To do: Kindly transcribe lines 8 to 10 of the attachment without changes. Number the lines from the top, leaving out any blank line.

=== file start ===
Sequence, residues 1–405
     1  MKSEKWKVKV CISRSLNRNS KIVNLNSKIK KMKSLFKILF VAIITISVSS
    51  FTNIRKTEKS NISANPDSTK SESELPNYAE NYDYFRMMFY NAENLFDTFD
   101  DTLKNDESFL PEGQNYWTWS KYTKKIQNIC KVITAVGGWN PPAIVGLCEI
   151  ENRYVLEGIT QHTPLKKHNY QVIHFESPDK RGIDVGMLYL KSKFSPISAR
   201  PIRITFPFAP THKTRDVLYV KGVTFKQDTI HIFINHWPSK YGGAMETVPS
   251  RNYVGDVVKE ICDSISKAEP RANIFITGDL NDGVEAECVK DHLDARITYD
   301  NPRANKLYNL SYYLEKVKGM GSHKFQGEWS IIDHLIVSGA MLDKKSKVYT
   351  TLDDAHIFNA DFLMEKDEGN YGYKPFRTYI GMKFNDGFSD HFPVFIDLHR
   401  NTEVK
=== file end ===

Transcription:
   301  NPRANKLYNL SYYLEKVKGM GSHKFQGEWS IIDHLIVSGA MLDKKSKVYT
   351  TLDDAHIFNA DFLMEKDEGN YGYKPFRTYI GMKFNDGFSD HFPVFIDLHR
   401  NTEVK